1. The first coefficient follows a stationary AR(1) process with AR parameter 0.97 and a Normal stationary distribution with mean 2 and variance 0.25. The initial value was drawn from its stationarity distribution .

2. The second coefficient also follows an AR(1) process with autocorrelation parameter 0.97 and a Normal marginal distribution with mean 0 and variance 0.25, but only until the half of the sample, that is:

 β2,t={0.97β2,t−1+ϵ2,t,t≤1000,t>100,

with the initial value drawn as .

3. The third coefficient is always zero, except from two short periods when it equals -2:

 β3,t={0,t≤20;51≤t≤120;151≤t≤200−2,21≤t≤50;121≤t≤150.
4. The fourth coefficient is .

5. The fifth coefficient .

We generate 5 replications of the data and then sample from the posterior distribution using the three mentioned priors for with the the following hyperparameters settings: (for the NG prior), (improper prior) and (tuning parameter for Metropolis). The MCMC algorithm was run for 10,000 iterations with half discarded as a burn-in. The prior for autoregressive parameter is for , so that it has mean 0.97. The same choice was made for the transition probabilities and . The informative prior choice is to assure that and evolves smoothly and does not switch regimes so rapidly. Figure 3 shows the posterior medians of the coefficients , comparing them to the real values, while Table 2 shows the root mean square error of the three priors considering the 5 replications. Figure reffig:fit2 shows the posterior densities of the sampled coefficients with the Laplace prior in time points and . We can note the change between these two time points: the third coefficient is equal -2 in , so that its posterior densities shows more mass near this value.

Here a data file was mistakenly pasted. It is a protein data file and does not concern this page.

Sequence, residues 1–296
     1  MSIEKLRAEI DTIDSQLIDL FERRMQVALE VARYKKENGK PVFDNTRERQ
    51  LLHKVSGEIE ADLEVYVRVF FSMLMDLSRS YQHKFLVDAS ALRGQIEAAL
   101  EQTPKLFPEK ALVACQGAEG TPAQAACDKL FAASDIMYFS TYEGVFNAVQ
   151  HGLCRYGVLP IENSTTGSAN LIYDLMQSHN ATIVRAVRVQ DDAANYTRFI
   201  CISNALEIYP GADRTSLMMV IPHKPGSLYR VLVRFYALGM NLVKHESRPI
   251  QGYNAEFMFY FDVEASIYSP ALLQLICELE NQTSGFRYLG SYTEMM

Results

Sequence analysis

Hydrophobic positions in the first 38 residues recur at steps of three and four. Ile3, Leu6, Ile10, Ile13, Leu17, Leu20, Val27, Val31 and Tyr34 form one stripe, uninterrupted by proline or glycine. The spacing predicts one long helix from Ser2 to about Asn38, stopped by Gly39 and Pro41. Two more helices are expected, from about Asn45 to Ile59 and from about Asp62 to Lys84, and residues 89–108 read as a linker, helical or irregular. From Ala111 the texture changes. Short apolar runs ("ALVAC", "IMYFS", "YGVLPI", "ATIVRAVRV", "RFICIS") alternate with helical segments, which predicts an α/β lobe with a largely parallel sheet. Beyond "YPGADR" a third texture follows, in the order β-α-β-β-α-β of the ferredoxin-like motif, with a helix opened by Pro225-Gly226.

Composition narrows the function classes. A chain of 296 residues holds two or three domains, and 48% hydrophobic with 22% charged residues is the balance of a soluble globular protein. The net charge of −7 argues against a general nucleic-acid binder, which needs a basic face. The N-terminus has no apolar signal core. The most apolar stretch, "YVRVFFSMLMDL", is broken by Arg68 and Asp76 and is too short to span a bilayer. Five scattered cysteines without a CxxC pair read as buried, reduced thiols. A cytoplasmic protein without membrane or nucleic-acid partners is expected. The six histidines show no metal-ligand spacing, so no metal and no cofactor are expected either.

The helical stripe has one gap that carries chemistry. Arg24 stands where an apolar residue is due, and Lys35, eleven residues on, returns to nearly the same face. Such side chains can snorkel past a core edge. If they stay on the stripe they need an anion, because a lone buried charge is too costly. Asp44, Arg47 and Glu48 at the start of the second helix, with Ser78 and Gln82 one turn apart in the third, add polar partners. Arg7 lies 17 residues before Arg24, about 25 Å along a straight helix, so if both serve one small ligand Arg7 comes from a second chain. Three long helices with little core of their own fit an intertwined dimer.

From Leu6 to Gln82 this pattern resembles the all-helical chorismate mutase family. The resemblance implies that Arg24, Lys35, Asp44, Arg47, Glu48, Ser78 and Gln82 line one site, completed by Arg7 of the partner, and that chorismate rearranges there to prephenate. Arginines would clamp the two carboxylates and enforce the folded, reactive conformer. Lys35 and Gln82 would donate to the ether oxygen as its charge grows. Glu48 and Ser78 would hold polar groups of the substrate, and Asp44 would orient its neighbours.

We note that the dynamic Laplace prior was slightly superior in terms of RMSE than the other two priors, but the difference is tiny. The dynamic NG with have some issues: they are much more volatile than the NMIG prior and the Laplace prior.

### 4.2 Second simulation example

In the Cholesky decomposition each variable is regressed on its predecessors in a dynamic regression problem, that is,

 yi,t=i−1∑j=1βi,j,tyj,t+εi,t

for , with . The Cholesky factor is then

 Tt=(I−Bt),

where is the lower triangular matrix of coefficients for each time with zeros in the diagonal, that is, the matrix with entries . Thus, we have parameters to be estimated.

In this second example we simulate time-varying coefficients that compose the Cholesky factor and then apply the spike-and-slab priors on each recursive regression. The simulation is done as follows. We define that the number of time points and the number of ordered variables that compose the vector is . We sample from four possible processes for the time-varying coefficients with the same probability of occurrence. They are:

1. A stationary AR(1) process with autoregressive coefficient and with fixed variance , without an intercept term, that is

 βi,j,t=ϕβi,j,t−1+νi,j,t,

with